What are VHH antibodies?

Camelids such as dromedaries, llamas, and alpacas possess an immune repertoire of three subclass IgG antibodies: IgG1, IgG2, and IgG3. IgG1 is a conventional IgG composed of two heavy chains and two light chains. IgG2 and IgG3 are heavy chain only IgGs antibodies (HCAbs) that can be distinguished by their hinge regions. These HCAbs lack the CH1 domain of the heavy chain and are devoid of any light chain1. The antigen binding domain of a heavy chain only IgG is called VHH or Nanobody. VHHs have several general advantages; ChromoTek’s Nanobodies and Nanobody-based research tools, however, have even more advantages: their high level of performance, characterization, and validation. 
Camelids comprise so-called old-world camelids, i.e. Camelus bactrianus and Camelus dromedarius and new-world camelids, i.e. Lama pacos, Lama glama, and Lama vicugna

What makes our technology special?

For more than a decade, ChromoTek generates highly specific and affine VHH antibodies for various applications. By combining our proprietary immunization scheme with phage display2, we are capable to create recombinant sdAbs with tailor-made properties. Using this technique, we get the best of both worlds: Highly specific antibodies that have undergone affinity maturation in vivo, but that are produced recombinantly with known sequence and without any batch-to-batch variations. Typically, affinities are in the picomolar to single-digit nanomolar range. Subsequently, the VHH domains can be further engineered or adapted, depending on the requirements of a certain application.
To date, ChromoTek has generated more than 150 VHH immune libraries.

What are the advantages of VHH antibodies compared to other antibody formats?

Compared to other antibody formats such as IgGs, Fab fragments or scFvs, VHH domains have many unique properties and advantages.
First, with only three CDR loops and a tendency for long CDR3 sequences, VHHs cover a different, yet overlapping, epitope space when compared to conventional IgGs. In general, there seems to be a tendency to bind to native, discontinuous conformational epitopes rather than to linear peptide epitopes. Exceptions are ChromoTek’s anti-Spot-Tag VHH and anti-Myc VHH, which recognize small linear peptide tags, respectively.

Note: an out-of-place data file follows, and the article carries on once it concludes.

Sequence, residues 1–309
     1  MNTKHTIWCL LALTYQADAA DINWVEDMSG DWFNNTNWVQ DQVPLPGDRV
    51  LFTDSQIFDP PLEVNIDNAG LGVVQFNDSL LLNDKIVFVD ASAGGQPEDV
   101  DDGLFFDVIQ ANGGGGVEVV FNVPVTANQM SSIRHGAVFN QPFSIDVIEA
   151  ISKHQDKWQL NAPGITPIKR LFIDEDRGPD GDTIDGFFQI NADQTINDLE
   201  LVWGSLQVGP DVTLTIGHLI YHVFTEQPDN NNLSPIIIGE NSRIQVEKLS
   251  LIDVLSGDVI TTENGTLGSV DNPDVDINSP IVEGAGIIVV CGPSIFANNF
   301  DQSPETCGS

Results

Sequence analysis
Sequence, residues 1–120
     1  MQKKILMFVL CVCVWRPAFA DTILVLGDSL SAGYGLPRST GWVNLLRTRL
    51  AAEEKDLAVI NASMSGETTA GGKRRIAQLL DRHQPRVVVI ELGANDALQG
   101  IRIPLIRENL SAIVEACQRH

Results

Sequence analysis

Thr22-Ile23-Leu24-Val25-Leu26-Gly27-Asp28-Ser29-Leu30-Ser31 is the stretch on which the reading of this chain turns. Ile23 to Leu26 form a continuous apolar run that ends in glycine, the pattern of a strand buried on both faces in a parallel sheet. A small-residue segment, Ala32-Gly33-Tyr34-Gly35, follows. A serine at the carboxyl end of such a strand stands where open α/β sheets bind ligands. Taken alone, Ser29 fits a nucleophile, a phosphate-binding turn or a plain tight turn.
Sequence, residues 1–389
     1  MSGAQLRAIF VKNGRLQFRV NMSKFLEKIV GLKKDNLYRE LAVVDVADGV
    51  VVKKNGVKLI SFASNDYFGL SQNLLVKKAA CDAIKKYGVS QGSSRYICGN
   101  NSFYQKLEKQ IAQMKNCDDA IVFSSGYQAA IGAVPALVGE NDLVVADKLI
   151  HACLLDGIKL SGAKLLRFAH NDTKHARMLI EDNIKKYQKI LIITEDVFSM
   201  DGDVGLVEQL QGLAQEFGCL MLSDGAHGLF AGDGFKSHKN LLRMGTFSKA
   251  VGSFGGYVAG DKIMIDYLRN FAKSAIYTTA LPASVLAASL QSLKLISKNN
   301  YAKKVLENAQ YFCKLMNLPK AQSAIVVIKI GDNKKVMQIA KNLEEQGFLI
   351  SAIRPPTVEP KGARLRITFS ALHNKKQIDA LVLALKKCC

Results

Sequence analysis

VHHs can be produced in a variety of different expression systems, ranging from bacteria via yeast to mammalian cells. Just as conventional IgGs, they can be labelled with a variety of (fluorescent) dyes, biotin or other small molecules. In addition, they can be covalently attached to surfaces, such as agarose beads or other matrices. Also, site-directed functionalization and stoichiometric label attachment is possible.
Due to their small size (approx. 12-15 kDa) and single chain structure, VHHs are suited for applications for which the large size of conventional four peptide chain IgGs (150 kDa) is disadvantageous, such as super-resolution microscopy, tissue penetration or FRET- and ECL-based techniques.
Importantly, VHH domains are perfectly suited to generate bispecific antibody formats, either by genetic fusion or conjugation to other recombinant antibodies. Again, their small size, high stability and good expressability is advantageous for the generation of bi- or even multispecific molecules.
Furthermore, and in contrast to full IgGs, certain VHHs can be genetically expressed intracellularly and bind to their respective intracellular target proteins. When fused to fluorescent proteins such as GFP or RFP, these sdAbs can be used for intracellular visualization of the endogenous target structures in vivo. ChromoTek offers a variety of such VHH-FP fusions, called Chromobodies, e.g. for in vivo visualization of actin, PCNA, the nuclear Lamina and other cytoskeletal or nuclear structures.


1Hamers-Casterman C, Atarhouch T, Muyldermans S, Robinson G, Hamers C, Bajyana Songa E, Bendahman N, Hammers R. Naturally occurring antibodies devoid of light chains. Nature 1993; 363: 446-8.

2Smith GP. Filamentous fusion phage: novel expression vectors that display cloned antigens on the virion surface. Science 1985; 228: 1315-7.